What had jolted Randy from sleep-- he would not learn all the facts for a long, a very long time after-- were two nuclear explosions, both in the megaton range, the warheads of missiles lobbed in by submarines. The first obliterated the SAC base at Homestead, and incidentally sank and returned to the sea a considerable area of Florida’s tip. Ground Zero of the second missile was Miami’s International Airport, not far from the heart of the city. Randy’s couch had been shaken by shock waves transmitted through the earth, which travel faster than through the air, so he had been awake when the blast and sound arrived a little later. Gazing at the glow to the south, Randy was witnessing, from a distance of almost two hundred miles, the incineration of a million people.
“I don’t know where, or when, or how. But as soon as school reopens in Fort Repose, or anywhere around, you go. You may have to walk.”“Golly, Randy, walk! It’s three miles to town.”“Your grandfather used to walk to school in Fort Repose. When he was your age there wasn’t any school busses. When he couldn’t hitch a ride in a buggy, or one of the early automobiles, he walked.” Randy put his arm around the boy’s shoulder. “Let’s get going. I guess we’ll both have to learn to walk again.”
In block letters he wrote:“DANGER! KEEP OUT! RADIATION!”“You’d better put something else on there,” Randy said. “There are a lot of people around here who still don’t know what radiation means.”“Do you really think so?”“I’m positive of it. They’ve never seen it, or felt it. They hear about it, but I don’t think they believe it. They didn’t believe it could kill them before The Day- if they thought of it at all-- and I don’t think they believe it now. You’d better add something they understand, like Poison.”
“Who cares about fish? If I grow up I’m not going to be a fisherman!”Helen called from the kitchen window. The children disappeared.Randy said, “Did you ever hear a little girl say ‘If I grow up’ before?”“No, I never did. It gives me the creeps.”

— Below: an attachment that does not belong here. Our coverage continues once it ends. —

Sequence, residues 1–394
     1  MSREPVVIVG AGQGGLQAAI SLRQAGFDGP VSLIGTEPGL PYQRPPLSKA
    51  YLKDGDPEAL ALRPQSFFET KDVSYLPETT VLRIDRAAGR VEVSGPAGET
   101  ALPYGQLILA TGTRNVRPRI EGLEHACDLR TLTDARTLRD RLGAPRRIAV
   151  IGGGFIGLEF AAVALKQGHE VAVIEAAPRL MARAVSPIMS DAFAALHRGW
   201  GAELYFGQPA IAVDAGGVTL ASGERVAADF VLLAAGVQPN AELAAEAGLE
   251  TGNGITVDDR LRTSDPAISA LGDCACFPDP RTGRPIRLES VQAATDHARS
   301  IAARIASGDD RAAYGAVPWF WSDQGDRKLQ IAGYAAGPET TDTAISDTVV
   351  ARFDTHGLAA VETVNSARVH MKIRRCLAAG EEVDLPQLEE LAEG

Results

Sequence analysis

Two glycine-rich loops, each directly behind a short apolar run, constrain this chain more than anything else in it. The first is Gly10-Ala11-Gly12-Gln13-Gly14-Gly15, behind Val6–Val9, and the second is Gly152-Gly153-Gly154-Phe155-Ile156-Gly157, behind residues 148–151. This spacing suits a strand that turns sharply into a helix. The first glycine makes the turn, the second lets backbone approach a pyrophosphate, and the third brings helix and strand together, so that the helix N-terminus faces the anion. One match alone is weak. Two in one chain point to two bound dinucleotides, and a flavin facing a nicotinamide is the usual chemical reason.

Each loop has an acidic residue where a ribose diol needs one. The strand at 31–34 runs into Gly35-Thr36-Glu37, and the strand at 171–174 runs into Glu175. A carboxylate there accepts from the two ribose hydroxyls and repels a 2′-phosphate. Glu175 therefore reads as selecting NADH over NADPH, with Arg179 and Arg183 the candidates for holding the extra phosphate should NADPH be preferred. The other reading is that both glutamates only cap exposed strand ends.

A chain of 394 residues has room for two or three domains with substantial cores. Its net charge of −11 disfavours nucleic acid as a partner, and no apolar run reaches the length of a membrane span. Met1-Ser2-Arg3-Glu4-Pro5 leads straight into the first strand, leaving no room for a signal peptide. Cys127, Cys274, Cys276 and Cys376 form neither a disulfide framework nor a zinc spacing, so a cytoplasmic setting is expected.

First Paragraph: In Fort Repose, a river town in Central Florida, it was said that sending a message by Western Union was the same as broadcasting it over the combined networks. This was not entirely true. It was true that Florence Wechek, the manager, gossiped. Yet she judiciously classified the personal intelligence that flowed under her plump fingers, and maintained a prudent censorship over her tongue. The scandalous and the embarrassing she excised from her conversation. Sprightly, trivial, and harmless items she passed on to friends, thus enhancing her status and relieving the tedium of spinsterhood. If your sister was in trouble, and wired for money, the secret was safe with Florence Wechek. But if your sister bore a legitimate baby, its sex and weight would soon be known all over town.
Article on Pat Frank that include interviews with his family
LOUD! Fan made promotional trailer
Source: Personal copy, courtesy of my high school literature teacher
Mushroom Cloud: see fourth quote
Boy Fishing: Ben Franklin fishing. A good bit of their food nowadays comes from the river
Armadillo: When the fish stop biting and the armadillos start rooting up the garden, the family learns that they taste pretty good!